Except he WAS a quarterback at a level above high school, and he was very good at times against some very good teams (Notre Dame, Ohio State, etc.). So you're basically pointing out that you were wrong, which negates your entire argument. If he didn't have the gift to be a quarterback beyond high school, but he played well at the next level against elite teams, then what are you even arguing about?

"Desmond Morgan was a QB in high school and other than a clear lack of the arm to do it at the next level, he was more suited to play QB in the "traditional sense" then Devin."

This is one of the dumbest things I've read in a long time. Are you really sitting there and saying that Desmond Morgan - who was recruited by nobody as a quarterback - would have been a better quarterback than Devin Gardner, who was one of the top-rated and most sought after quarterbacks in the 2010 class?

"If Devin was at Macomb or Rockford or 25 other HS's in the state he would have been a WR from 7th grade on thru and very possibly been drafted a couple weeks ago in the 1st round."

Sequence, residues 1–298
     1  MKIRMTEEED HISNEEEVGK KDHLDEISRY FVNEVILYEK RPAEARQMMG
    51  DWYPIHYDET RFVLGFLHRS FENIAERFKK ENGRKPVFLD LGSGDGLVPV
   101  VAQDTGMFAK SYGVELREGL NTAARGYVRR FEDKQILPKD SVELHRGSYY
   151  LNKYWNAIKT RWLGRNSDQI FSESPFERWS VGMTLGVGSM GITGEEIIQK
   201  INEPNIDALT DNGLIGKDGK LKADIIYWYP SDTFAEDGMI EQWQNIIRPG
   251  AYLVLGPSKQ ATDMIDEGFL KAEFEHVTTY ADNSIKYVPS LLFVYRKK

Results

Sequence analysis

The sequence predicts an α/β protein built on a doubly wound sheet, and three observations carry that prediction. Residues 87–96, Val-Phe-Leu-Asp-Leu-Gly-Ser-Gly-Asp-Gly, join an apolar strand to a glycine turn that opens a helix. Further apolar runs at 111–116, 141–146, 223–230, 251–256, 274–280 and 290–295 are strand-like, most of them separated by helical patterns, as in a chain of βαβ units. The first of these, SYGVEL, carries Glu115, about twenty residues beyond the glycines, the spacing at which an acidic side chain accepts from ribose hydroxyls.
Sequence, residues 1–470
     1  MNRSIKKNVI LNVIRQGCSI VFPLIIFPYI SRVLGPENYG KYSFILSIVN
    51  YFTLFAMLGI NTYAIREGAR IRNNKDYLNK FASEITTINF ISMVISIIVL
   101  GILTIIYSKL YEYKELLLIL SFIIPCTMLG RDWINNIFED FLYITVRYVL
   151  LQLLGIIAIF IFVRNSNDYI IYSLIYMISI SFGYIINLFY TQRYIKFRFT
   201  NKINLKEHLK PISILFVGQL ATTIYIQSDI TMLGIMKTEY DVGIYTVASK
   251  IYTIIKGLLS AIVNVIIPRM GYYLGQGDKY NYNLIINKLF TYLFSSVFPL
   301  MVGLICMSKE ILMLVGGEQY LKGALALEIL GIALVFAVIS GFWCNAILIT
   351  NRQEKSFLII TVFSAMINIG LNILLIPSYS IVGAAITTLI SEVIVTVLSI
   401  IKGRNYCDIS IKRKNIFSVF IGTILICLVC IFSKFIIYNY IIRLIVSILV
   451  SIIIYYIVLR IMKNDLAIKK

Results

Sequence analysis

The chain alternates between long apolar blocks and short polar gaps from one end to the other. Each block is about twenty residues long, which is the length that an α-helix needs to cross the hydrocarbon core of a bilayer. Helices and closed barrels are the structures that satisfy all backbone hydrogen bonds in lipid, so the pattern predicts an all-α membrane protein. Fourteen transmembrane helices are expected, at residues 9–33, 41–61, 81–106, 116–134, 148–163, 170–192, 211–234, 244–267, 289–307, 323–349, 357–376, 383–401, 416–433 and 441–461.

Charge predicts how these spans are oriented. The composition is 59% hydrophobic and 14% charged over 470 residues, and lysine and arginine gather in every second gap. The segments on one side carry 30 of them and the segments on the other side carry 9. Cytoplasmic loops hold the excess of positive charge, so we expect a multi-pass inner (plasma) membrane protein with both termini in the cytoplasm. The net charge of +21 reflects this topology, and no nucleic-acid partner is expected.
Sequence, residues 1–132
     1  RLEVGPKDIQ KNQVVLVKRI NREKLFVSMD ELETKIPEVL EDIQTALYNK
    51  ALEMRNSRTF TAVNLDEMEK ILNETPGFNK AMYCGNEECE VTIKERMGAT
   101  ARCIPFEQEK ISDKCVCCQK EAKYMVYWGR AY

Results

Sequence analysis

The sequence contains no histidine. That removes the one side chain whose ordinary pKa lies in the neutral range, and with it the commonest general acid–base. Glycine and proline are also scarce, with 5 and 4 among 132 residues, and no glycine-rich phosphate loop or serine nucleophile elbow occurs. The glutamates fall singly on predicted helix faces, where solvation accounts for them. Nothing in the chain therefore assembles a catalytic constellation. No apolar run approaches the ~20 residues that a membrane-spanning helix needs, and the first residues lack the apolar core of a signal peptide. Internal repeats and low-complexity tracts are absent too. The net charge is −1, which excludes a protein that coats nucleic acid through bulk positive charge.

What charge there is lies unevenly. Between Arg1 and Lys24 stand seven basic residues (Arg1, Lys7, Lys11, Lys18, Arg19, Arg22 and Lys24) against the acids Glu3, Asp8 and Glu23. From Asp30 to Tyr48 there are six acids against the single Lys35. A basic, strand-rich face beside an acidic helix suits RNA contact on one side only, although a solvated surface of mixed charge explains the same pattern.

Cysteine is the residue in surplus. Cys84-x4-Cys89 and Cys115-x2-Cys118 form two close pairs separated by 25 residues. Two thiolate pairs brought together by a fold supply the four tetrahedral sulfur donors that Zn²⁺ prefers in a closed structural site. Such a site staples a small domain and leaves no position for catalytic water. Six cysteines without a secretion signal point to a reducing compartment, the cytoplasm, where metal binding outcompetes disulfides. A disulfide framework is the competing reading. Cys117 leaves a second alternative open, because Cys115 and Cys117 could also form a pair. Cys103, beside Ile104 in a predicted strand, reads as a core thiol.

I guess I didn't realize that Macomb and Rockford were pumping out D-I prospects at quarterback recently, enough so that they would have put one of the top QB recruits in the country at WR. Regardless, maybe somebody else would have put him at WR, but that's not really the point, is it? I mean, it's clear that he had talent at multiple positions (at least to me). The guy was our leading wide receiver for the first several games of the 2012 season, and he put up some very good numbers at QB in 2012, the second half of 2013, and occasionally in 2014.

And I don't know why Gardner would have been drafted a couple weeks ago in the 1st round, since there was no draft a couple weeks ago.


micheal honcho

March 6th, 2015 at 12:07 PM ^

Ha ha, with all the draft projection stuff I've read over the past couple weeks my brain must have farted and made me think they already drafted. Point being the same, his name would have been on those lists in the 1st or 2nd round as a WR had then been his position from day one.

As far as Rockford or Macomb(could have used BBR or Livonia or any "big" program) they dont select their QB's thinking of who might go D1 at that position. They pick who can lead the team to the most wins. At those places Devin at WR would be a no brainer IMHO. There's probably 5 or 6 kids on their 65-90 man varsity roster that can play QB at the HS level "good enough" to get the wins, especially with a 6'5" wideout like DG. They would not put the 6'5" guy with speed at QB then put those others at WR even though they are 5'10" or 6 ft and lack leapiing ability and break away speed.